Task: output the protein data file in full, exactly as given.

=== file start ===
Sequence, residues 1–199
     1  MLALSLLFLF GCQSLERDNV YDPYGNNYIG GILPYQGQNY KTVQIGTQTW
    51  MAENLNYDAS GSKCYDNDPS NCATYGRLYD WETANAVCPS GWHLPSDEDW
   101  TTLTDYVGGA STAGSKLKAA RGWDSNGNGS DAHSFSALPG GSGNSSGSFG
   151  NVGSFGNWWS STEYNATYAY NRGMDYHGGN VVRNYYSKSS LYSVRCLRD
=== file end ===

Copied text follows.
Sequence, residues 1–199
     1  MLALSLLFLF GCQSLERDNV YDPYGNNYIG GILPYQGQNY KTVQIGTQTW
    51  MAENLNYDAS GSKCYDNDPS NCATYGRLYD WETANAVCPS GWHLPSDEDW
   101  TTLTDYVGGA STAGSKLKAA RGWDSNGNGS DAHSFSALPG GSGNSSGSFG
   151  NVGSFGNWWS STEYNATYAY NRGMDYHGGN VVRNYYSKSS LYSVRCLRD